Doha United Nations Climate Change Conference, November/December 2013

At its eighteenth session, the COP adopted decision 23/CP.18 on promoting gender balance and improving the participation of women in UNFCCC negotiations and in the representation of Parties in bodies established pursuant to the Convention or the Kyoto Protocol.

Marrakech United Nations Climate Change Conference, October/November 2001

The COP at its seventh session adopted decision 36/CP.7 on enhancing the participation of women at all levels of decision making related to climate change.

Interlinkages

Gender and adaptation
Integrating considerations of gender into medium- and long-term adaptation can help to ensure that adaptation is effective and implementable on the ground. It can help to ensure that the implementation of adaptation activities will not exacerbate inequalities and other vulnerabilities, it can help to fulfil the specific needs of the most vulnerable, and it can ensure the equal participation of men and women in the decision-making and implementation phases of these activities. Women can act as agents of change at different levels of the adaptation process.

Gender and financial support
A gender perspective needs to be taken into account when developing resource mobilization strategies, applying climate finance instruments, and ensuring equal participation in the deployment of financial resources, particularly at the local level.

Gender and mitigation
Action to mitigate climate change has the potential to also bring about local gender-positive impacts. This may be achieved by the general nature of a mitigation project or programme, such as clean energy for household lighting or cooking, or by gender equity impacts being specifically considered early in the project planning stage e.g. considering where revenues will flow. Projects under the Kyoto Protocol's flexible mechanisms, CDM and JI, have shown themselves to have potentially positive impacts on the lives of women – by improving livelihoods and health and allowing time for the pursuit of additional opportunities.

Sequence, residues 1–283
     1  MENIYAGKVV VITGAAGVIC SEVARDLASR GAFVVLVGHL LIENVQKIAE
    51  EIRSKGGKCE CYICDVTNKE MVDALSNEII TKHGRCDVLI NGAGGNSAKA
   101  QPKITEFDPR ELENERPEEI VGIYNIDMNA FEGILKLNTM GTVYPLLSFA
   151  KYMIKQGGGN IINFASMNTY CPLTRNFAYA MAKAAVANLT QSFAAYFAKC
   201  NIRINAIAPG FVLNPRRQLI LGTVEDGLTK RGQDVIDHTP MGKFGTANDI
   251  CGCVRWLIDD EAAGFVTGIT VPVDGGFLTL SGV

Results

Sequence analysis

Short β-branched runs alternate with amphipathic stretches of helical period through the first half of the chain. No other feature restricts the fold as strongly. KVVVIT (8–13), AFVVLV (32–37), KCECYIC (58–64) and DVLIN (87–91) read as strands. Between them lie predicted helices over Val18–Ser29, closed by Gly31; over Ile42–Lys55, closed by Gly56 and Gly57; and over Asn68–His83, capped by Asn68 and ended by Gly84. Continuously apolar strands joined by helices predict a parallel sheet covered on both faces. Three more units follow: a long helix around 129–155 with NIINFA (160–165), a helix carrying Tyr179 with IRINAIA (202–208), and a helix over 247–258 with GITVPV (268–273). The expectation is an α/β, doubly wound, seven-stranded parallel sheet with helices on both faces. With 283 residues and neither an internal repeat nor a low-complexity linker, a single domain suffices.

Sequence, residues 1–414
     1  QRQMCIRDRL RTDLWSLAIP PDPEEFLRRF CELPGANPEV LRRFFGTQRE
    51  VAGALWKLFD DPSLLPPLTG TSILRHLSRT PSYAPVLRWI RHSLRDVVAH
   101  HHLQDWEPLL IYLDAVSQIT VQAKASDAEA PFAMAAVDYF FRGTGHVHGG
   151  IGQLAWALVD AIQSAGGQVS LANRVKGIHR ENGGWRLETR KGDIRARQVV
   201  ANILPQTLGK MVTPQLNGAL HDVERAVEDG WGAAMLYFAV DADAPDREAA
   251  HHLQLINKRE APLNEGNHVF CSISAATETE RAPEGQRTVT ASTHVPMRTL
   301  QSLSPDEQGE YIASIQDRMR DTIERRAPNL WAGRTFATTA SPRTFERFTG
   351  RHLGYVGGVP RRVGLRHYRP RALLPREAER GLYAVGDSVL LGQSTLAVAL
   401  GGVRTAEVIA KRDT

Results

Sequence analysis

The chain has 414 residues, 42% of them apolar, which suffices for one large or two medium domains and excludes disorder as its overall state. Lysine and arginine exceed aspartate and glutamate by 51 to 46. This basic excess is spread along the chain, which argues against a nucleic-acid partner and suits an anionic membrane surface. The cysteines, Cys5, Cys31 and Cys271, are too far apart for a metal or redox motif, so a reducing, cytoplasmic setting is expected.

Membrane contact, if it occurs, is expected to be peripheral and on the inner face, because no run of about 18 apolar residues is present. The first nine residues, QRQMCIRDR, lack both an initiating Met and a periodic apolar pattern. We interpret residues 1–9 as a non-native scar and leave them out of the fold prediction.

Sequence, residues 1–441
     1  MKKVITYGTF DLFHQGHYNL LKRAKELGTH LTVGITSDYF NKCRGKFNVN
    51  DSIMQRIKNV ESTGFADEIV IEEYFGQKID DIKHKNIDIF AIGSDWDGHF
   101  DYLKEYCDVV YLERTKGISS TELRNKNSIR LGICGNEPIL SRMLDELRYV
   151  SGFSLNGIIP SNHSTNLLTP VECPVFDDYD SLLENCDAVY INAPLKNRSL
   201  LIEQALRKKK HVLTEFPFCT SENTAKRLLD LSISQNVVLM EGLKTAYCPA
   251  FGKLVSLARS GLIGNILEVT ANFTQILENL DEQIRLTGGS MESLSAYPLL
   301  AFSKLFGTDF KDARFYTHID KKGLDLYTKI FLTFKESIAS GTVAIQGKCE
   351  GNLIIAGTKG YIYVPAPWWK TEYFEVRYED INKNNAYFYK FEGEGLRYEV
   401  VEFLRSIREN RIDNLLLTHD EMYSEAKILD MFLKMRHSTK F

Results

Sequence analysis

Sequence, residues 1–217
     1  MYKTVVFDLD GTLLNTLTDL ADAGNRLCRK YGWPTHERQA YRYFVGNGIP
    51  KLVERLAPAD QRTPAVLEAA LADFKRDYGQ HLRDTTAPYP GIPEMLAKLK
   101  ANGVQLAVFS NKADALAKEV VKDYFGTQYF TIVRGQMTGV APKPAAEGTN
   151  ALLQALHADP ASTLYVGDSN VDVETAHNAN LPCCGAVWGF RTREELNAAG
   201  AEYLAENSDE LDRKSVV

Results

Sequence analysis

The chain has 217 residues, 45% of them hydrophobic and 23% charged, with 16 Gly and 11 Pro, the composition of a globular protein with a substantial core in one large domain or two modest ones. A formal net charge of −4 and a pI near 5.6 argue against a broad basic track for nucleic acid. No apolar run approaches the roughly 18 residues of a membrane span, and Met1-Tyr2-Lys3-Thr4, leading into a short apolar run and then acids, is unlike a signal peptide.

Gender and technology support
The development and transfer of environmentally sound technologies represent an opportunity to increase efforts on gender mainstreaming with regard to technology access and information and training on the use of appropriate technologies.

Gender and capacity-building support
A gender-sensitive approach to creating, developing and strengthening institutional, systemic and human-resource capacity-building can foster gender balance in decision-making on, delivery of and access to means and tools of implementation for mitigation of adaptation actions.

Outreach

Gender Day at sessions of the COP/CMP

Since 2012 an annual Gender Day has been held during sessions of the COP/CMP in collaboration with governments, United Nations entities, intergovernmental organizations and civil society to promote gender-sensitive climate policy-making

This year Gender Day will be held on 9 December during COP 20/CMP 10 in Lima, Peru and feature the following high-level events as well as a series of interviews, press conferences and other activities.

See the full programme of Gender Day pdf-icon here (90 kB) .

top


Ready for some Climate Change News?

Visit the
NEWSROOM